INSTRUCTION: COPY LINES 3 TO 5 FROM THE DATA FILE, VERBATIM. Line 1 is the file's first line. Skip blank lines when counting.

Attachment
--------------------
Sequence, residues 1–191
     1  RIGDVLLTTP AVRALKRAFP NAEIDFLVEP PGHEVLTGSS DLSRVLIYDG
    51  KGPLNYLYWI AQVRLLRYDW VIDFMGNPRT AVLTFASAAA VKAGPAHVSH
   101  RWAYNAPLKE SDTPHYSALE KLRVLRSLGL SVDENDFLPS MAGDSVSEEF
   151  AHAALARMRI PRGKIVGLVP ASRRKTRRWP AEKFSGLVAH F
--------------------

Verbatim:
    51  KGPLNYLYWI AQVRLLRYDW VIDFMGNPRT AVLTFASAAA VKAGPAHVSH
   101  RWAYNAPLKE SDTPHYSALE KLRVLRSLGL SVDENDFLPS MAGDSVSEEF
   151  AHAALARMRI PRGKIVGLVP ASRRKTRRWP AEKFSGLVAH F